10,000 hours of looking at Craigslist postings (no luck!), the discovery of Air BnB, another 10,000 hours of looking at listings on Air BnB (did I mention that my husband was a planner?) and a sorry episode where not once, not twice, but three times we delayed buying our tickets when they were the right price just to discover the price had double the next day and we were finally on our way.

Mauna Loa peaking through the clouds
Is that a mountain in your Island or are you just  happy to see me?
Jessica in front of the Hula girls at Kona airport
Shakira's hips have nothing on the hips of these hula dancers.
The airport on Kona side of the Big Island is a really cool, outdoor facility.  Of course, I was not at all used to the heat or the humidity so I may have had a few moments where I wished it were an indoor facility instead.

When I saw the hula statue, I asked Josh to take my picture in front of it.  He scoffed and said, "We're not tourists."  As you can see, I didn't find his argument about non-tourist-approved activities to be very convincing. :)

Cathy, the lady whose 'ohana we're renting for our first month in Hawaii, offered to pick us up from the airport free of charge.  Like most of the people we've run across here she's full of "Aloha spirit".  That's Hawaiian for extremely good customer service and all around niceness.  Some people warned us that as "haole" (white people, foreigners, 'the other') we were going to have a tough time in Hawaii.  Now, I'm not claiming that I'm an expert after 3 weeks, but, we've had nothing but good experiences.

Inside view of apartment in Kailua-Kona
There's a chirping gecko somewhere in this photo
We're in a good-sized studio 4 miles south of Kailua-Kona.  It works well for me because I want to start running more and we're a 3.5 mile round trip from the grocery store, a 7 mile round trip from town, an 8 mile round trip from Walmart and a 9.5 mile round trip from church.  Speaking of that 9.5 mile trip - I'm pretty sure I've earned extra heaven points for the past couple of Sundays.  Of course, the people that have to sit next to me as my sweat soaks into the pew at church are probably thinking the same things.  Long hikes in dresses on tropical islands are not for the weak.
The view from our apartment in Kailua-Kona
Crashing waves send me into a deep, drool-filled sleep nightly

Then, of course, there's the amazing view.  This is a picture of the view from my office (a.k.a. my bedroom, my kitchen, my dining room, etc). 
It makes the 12-14 hour days a little easier to handle.

The best part is that we're close enough that we can hear the waves crashing.  We like to sit on the lanai (balcony for those of you that aren't hip to the island lingo), watch the sun set and listen to the ocean.  As a bonus, there are Hawaiian green geckos all over the place and we frequently see them scurrying by.  They make the most adorable chirping sound and always give themselves away when they sneak into the apartment.  They can't seem to help but be happy and sing.  I'm happy to have them inside as well as they help control the insect populations.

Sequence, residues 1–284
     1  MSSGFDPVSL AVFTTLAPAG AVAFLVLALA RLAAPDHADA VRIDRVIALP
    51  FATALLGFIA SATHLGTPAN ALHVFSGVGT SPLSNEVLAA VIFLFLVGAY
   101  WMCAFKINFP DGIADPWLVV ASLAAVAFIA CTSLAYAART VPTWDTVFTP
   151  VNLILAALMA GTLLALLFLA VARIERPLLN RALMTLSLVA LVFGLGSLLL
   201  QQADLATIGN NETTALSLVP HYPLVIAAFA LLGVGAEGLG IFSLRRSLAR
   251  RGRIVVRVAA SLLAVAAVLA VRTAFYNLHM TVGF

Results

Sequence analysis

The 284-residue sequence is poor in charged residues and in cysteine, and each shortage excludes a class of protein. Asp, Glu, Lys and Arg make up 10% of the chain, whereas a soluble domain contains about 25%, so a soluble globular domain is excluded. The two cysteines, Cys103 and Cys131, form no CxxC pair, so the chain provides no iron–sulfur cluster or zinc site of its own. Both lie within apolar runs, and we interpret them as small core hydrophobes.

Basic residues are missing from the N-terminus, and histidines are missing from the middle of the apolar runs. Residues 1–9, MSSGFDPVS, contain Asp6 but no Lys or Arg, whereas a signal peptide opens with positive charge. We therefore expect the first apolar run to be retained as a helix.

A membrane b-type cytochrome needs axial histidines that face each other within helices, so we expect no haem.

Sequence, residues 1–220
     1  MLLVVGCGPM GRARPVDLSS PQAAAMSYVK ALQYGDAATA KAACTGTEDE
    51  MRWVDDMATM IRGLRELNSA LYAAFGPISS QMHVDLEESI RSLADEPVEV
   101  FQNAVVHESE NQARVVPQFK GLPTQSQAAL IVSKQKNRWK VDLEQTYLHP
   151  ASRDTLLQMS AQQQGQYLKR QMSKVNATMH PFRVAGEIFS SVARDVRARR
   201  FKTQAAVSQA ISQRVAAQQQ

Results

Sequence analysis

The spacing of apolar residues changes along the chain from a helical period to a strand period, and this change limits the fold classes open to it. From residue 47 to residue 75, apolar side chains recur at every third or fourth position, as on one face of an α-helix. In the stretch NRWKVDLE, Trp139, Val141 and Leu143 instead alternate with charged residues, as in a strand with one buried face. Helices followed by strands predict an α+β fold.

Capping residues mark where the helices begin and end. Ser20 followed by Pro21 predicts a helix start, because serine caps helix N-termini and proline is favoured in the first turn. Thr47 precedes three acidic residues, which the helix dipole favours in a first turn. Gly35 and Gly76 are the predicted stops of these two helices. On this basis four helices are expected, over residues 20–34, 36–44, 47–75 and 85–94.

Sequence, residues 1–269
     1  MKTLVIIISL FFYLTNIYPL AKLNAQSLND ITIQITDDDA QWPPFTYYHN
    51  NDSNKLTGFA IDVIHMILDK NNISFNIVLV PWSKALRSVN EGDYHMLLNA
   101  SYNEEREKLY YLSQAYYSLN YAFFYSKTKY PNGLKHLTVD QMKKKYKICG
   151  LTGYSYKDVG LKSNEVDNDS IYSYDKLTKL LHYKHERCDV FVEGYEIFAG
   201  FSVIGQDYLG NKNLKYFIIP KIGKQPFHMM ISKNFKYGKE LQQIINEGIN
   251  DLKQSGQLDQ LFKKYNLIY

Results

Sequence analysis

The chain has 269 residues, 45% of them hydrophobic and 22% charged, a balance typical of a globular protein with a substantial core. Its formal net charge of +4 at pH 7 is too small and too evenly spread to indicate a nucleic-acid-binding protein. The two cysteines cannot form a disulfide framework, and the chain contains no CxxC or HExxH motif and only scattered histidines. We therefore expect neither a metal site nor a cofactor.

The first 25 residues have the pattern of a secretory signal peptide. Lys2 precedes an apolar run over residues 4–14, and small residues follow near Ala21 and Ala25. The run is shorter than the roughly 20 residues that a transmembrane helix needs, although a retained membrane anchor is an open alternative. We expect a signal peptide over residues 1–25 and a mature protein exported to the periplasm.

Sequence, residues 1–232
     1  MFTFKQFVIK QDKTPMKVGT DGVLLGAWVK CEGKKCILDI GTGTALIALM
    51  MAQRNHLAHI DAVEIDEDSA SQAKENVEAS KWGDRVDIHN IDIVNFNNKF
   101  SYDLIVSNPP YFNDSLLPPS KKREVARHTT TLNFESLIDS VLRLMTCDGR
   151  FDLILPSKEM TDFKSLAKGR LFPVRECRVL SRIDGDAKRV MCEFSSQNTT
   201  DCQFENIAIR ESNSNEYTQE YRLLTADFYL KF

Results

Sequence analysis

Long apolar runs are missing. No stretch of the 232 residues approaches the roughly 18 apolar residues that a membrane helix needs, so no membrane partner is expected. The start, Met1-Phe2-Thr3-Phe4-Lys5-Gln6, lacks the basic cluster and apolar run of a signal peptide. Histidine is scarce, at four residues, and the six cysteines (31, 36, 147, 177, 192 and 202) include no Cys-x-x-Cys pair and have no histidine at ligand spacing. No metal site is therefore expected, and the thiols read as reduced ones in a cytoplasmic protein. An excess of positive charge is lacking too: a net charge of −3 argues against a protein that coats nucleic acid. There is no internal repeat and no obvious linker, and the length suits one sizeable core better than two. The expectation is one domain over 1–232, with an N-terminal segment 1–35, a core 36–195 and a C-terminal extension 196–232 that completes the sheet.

Tuesday, June 26, 2012

Teamwork Tuesday: A Home for Alexander

A few thousand miles away (give or take depending where you're reading this from) there's 10-year-old boy with a brain tumor.

This in and of itself would not be remarkable as there are probably children in your own neighborhood with various illnesses.  What makes this story different is that Alexander is not sitting at home, recovering from surgery, surrounded by his family.  He's sitting in an orphanage in Eastern Europe hoping that a family will come for him while his condition worsens.

There are plenty of things that could scare off a potential family:

He's 10 years old and there's just no telling what bad behaviors he's picked up at the orphanage.

He's in a region of EE that requires 4 trips.  That's too much time for me to be away from my family.

He has a brain tumor that will require lengthy treatment once he's home.  Adoption is already expensive we can't afford a medical expense like that after an adoption.

He might die.  We can't take the risk of falling in love just to lose him.

All of the fears listed above (and others I didn't even think of) are all reasonable and I can't honestly allay any of those fears.  But God can.  If you feel an urge (even if it is just a slight one) that leads you to believe you might be Alexander's family, please pray about it.  If you pray about it He will let you know if you should pursue the adoption or not.  Though, if you aren't led to pursue, I hope you will help in other ways by spreading the word about Alexander or donating to his adoption grant (tax free!).

In one year Alexander can still be in that same orphanage a bit closer to the end, desperately trying to get quality time with any visitors that come.

Or, he can be home with his family.  He can hold his mom's hand when the medical procedures make him nervous and have heart-to-hearts with his dad about how he worries about the tumor but doesn't want to mention it to mom because it will make her sad.  He can help his little brother learn to ride a bike (after he learns himself) and beg his big brother to let him tag along to the movies with him and his friends.

His region is open to older parents (but they must be under 60), married couples, and single women.

If you think he might be your son you can go to Reece's Rainbow for more information (  If you think he might be your friend's son (or your friend's friend's son....or...) please pass his information along.  You never know when a casual reader of your blog or an acquaintance on Facebook is just the person that needed to see this to find Alexander's family.

Thursday, June 14, 2012

Helping Orphans without Spending a Dime

Any of you that know me know that I spend a lot of my social media time advocating for orphans with special needs.  Most of this advocacy comes in the form of asking for monetary donations to help a family that's adopting.  Sometimes though, there's an opportunity to help that doesn't involve a single dime.